Mental health and the PATH to midlife
Associate Professor Rebecca McKetin
Associate Professor Timothy Slade
Professor Louisa Degenhardt
Associate Professor Peter Butterworth, University of Melbourne (lead investigator)
Professor Kaarin Anstey, Australian National University
Associate Professor Nicolas Cherbuin, Australian National University
Dr Richard Burns, Australian National University
Dr Liana Leach, Australian National University
Professor Paul McNamee, University of Aberdeen, Scotland
Mental disorders such as anxiety and depression are the leading cause of disability amongst Australians from early adulthood through to midlife. However, there is a dearth of longitudinal data tracking anxiety and depression across this period of the lifecourse: information needed to understand patterns of onset, remission, relapse and chronicity. Further, the established measures of disease burden (eg QALYs) are limited in scope and do not capture the social and economic impact of anxiety and depression, nor their impact on families, friends and communities. Thus our estimates of the costs and consequences of these mental disorders are incomplete. Such information is essential to design and target treatment to meet the needs of people with anxiety and depression, and to evaluate the benefits of prevention.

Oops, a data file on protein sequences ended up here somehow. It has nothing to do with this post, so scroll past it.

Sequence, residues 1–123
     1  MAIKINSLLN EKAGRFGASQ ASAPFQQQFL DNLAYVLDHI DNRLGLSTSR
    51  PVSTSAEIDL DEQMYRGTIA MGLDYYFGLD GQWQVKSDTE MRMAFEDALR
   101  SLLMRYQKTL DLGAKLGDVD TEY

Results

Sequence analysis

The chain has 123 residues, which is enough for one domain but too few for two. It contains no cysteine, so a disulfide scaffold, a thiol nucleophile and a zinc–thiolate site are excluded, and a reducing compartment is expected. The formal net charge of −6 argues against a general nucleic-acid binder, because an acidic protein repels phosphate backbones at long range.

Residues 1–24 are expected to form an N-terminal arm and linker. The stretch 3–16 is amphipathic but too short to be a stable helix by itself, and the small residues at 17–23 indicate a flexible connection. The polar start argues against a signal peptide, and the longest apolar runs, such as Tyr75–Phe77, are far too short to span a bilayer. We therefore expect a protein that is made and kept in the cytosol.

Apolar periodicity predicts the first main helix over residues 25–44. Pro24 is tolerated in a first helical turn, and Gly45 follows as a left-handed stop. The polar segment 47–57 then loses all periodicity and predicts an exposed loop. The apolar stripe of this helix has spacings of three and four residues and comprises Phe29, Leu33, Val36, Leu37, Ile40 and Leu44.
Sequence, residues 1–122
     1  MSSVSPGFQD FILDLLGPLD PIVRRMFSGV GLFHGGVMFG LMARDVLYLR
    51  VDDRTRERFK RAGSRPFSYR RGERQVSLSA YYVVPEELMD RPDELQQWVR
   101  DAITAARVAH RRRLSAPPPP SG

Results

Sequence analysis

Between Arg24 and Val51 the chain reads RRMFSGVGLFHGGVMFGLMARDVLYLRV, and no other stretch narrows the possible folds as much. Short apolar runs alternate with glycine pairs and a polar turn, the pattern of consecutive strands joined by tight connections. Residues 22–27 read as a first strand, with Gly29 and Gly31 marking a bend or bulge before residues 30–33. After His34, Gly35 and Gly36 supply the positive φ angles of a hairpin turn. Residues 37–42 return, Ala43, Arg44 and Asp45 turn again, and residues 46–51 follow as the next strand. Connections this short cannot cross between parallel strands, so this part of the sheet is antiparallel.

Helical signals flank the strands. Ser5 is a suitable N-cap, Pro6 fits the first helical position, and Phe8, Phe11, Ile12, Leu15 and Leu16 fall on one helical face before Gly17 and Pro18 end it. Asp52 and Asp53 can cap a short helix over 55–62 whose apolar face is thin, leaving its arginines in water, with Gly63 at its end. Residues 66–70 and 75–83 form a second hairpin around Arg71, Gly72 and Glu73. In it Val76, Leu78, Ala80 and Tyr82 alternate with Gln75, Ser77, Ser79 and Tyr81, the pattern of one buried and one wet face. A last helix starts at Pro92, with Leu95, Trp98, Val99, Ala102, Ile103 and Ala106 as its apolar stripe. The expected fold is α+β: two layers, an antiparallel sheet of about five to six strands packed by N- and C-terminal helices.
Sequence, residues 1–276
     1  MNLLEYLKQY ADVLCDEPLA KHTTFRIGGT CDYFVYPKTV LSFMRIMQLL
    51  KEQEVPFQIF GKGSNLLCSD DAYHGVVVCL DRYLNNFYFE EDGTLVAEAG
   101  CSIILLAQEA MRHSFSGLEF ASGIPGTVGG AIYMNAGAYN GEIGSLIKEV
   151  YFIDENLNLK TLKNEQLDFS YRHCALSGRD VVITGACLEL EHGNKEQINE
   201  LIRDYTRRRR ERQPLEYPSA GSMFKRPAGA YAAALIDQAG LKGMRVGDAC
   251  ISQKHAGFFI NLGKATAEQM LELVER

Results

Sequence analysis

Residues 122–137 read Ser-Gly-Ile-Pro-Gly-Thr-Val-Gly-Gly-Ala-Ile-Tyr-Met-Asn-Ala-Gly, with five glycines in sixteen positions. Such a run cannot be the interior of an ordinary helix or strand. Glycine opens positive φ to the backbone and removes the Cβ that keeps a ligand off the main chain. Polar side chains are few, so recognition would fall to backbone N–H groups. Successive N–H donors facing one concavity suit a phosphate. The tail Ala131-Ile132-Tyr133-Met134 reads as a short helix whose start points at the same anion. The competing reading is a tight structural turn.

The PATH to Midlife project will address this gap in our understanding of anxiety and depression. The project extends to midlife the longitudinal coverage of a large community study: the PATH through Life project. The PATH project commenced in 1999 with a sample of 2404 respondents aged in their early 20s, selected from Canberra and the surrounding region. This project will collect new data from around 1900 of these participants who will now be aged between 37 and 44 years (the fifth time many have participated in the study). With this new resource we will analyse trajectories of anxiety and depression from early adulthood to midlife, identifying patterns of comorbidity and risk profiles.
Substance use across this life period (including risky alcohol consumption, tobacco smoking and illicit substance use) will be amongst a number of risk factors for mid-life outcomes considered in this study. Hence, the study will provide new information on how substance use in early adulthood relates to mental health and other outcomes in mid-life, and conversely how anxiety and depression in early adulthood affects substance use patterns in later adulthood.
Midlife is a critical point in the lifecourse at which work, family and personal achievements and responsibilities coalesce. PATH collects detailed data across a wide range of personal, social and economic domains (eg physical health, cognitive functioning, family/social relationships, work). Sophisticated longitudinal analysis of this rich new data source will identify the broader consequences of anxiety and depression across adulthood.